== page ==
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Have you ever been with friends who are eating gluten-laden delicious-looking food and had them ask, "Can't you have just one bite?" You may be wondering yourself whether a little bit really will hurt you, especially since hearing that the Food and Drug Administration is considering allowing some gluten in gluten-free food.
So, is it okay to have a little bit of gluten? The answer depends on what you mean by "a little bit."
The Food and Drug Administration is in the process of developing a rule for the labeling of foods as gluten free. Currently the proposed rule states that food labeled "gluten free" must contain less than 20 parts per million of gluten. This is a teeny tiny amount.
What is meant by parts per million?
Parts per million is a proportion or percentage. It means the same thing as milligrams per kilogram because there are one million milligrams in a kilogram. To help illustrate 20 parts per million, consider the following scenario. You purchase a bag of nuts containing 1,000,000 almonds (use your imagination) but instead of receiving 1,000,000 almonds you actually receive 999,980 almonds and 20 cashews. You could say that your bag of almonds is contaminated with 20 parts per million of cashews.
To put 20 parts per million of gluten into real-life context, consider the following information. Regular white bread has been reported to contain 12,400 milligrams of gluten per 100 grams (124,000 parts per million of gluten). Assuming this is accurate, a one-ounce slice of regular bread would contain 3,515 milligrams of gluten. Compare this to a one-ounce slice of gluten-free bread containing less than 20 parts per million of gluten. The slice of gluten-free bread would contain a little over 1/2 milligram of gluten.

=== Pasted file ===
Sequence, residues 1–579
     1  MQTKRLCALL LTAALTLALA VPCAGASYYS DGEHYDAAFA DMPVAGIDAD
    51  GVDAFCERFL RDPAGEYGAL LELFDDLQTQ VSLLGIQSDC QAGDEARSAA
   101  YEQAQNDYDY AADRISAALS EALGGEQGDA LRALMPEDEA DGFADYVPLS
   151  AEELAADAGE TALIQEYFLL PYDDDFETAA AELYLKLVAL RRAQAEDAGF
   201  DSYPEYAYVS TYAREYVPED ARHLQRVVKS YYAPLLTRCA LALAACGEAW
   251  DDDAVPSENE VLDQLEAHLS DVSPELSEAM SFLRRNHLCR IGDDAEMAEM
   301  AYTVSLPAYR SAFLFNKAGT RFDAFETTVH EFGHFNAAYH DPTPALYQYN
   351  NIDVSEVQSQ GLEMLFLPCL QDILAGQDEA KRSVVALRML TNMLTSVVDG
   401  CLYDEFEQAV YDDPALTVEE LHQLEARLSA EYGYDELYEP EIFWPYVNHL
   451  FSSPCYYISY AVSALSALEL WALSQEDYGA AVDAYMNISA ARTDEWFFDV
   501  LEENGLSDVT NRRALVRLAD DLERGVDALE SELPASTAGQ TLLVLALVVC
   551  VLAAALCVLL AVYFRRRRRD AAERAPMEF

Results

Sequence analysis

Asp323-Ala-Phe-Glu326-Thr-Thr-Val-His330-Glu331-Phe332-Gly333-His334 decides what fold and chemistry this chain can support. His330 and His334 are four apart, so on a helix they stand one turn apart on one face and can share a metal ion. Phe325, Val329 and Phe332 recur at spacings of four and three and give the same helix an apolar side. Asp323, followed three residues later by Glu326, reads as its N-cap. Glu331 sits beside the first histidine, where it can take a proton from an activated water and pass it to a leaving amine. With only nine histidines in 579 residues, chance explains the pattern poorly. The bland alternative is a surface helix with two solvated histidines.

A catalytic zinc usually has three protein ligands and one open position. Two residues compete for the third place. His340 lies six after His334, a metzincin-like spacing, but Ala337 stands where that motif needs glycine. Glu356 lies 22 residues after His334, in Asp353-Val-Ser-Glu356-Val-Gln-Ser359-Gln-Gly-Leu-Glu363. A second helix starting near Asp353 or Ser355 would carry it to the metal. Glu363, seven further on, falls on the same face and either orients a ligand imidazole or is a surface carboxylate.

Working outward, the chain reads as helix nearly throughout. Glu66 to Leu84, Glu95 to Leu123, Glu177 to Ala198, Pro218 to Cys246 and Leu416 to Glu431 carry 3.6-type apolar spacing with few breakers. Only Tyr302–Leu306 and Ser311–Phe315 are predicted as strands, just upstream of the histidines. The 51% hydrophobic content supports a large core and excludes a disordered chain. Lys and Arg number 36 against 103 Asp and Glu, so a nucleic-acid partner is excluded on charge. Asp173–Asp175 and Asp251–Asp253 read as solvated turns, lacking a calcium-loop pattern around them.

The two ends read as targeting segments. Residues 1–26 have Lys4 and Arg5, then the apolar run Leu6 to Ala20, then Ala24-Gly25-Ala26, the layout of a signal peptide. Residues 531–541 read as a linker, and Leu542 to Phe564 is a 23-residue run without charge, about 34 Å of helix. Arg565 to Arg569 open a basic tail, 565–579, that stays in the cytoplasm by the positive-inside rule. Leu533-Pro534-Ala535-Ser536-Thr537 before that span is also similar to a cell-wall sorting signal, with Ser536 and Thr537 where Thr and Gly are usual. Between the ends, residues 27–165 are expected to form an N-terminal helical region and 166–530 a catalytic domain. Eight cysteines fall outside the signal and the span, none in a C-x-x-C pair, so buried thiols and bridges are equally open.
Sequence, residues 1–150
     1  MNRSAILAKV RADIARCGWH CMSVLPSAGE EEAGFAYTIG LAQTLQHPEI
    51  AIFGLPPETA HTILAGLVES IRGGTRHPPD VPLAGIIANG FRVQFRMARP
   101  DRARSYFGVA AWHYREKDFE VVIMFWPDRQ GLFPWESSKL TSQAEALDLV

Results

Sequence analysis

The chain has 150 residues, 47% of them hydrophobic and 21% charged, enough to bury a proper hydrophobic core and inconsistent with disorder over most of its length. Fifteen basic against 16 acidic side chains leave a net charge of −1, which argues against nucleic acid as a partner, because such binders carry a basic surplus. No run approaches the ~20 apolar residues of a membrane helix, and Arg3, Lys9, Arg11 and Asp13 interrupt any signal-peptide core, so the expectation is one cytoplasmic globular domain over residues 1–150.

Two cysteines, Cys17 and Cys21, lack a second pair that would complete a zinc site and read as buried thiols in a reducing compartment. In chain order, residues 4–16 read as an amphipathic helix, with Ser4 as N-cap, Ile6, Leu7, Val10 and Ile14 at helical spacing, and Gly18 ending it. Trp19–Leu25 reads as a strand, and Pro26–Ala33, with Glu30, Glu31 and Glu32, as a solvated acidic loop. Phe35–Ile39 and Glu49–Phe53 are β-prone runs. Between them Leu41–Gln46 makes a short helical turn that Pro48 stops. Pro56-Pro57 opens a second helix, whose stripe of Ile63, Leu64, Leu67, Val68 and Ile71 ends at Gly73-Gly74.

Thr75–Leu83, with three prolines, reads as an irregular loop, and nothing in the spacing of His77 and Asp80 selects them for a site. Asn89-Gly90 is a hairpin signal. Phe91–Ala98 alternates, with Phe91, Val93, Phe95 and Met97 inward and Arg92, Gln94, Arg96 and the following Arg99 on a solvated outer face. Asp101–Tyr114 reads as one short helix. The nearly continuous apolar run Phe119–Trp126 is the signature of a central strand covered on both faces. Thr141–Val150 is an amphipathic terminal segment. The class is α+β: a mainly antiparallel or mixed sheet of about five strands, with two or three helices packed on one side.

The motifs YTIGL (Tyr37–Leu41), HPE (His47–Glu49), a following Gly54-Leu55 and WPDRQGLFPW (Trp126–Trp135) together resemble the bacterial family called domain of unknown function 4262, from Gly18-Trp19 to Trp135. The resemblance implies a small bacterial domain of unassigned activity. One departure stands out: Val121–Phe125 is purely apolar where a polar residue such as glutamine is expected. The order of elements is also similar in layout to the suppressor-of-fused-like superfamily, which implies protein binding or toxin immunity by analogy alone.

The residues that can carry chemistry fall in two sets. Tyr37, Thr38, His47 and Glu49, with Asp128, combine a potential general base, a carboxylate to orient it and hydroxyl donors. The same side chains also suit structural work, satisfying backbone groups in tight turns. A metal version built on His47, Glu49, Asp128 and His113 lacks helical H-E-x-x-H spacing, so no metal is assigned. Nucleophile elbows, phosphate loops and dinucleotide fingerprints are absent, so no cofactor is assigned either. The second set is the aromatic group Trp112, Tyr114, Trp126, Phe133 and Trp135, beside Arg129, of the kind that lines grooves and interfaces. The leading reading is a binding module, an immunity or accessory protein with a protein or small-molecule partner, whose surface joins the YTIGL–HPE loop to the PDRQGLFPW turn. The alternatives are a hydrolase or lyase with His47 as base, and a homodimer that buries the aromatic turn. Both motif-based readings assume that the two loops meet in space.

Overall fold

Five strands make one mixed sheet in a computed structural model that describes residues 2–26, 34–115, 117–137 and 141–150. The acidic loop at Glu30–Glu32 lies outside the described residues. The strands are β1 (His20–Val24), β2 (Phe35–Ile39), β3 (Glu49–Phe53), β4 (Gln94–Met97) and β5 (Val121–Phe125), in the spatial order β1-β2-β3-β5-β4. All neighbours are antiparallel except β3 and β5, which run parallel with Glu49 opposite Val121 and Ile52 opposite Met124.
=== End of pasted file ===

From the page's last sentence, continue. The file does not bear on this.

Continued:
So, if a "little bit" of gluten means an occasional slice of regular pizza, piece of regular cake, or a regular croissant the answer is "No, it is not okay!" It isn't even okay to have to have "just one bite." If you could cut the regular bread into 7,030 itsy bitsy pieces, one itsy bitsy piece would contain about the same amount of gluten as the entire slice of gluten-free bread.
That isn't even a nibble. But it might be a crumb!
Tricia Thompson, M.S., RD is a nutrition consultant, author and speaker specializing in celiac disease and the gluten-free diet. She is the author of The Gluten-Free Nutrition Guide (McGraw-Hill) and co-author of The Complete Idiot's Guide to Gluten-Free Eating (Penguin Group). For more information, visit www.glutenfreedietitian.com.
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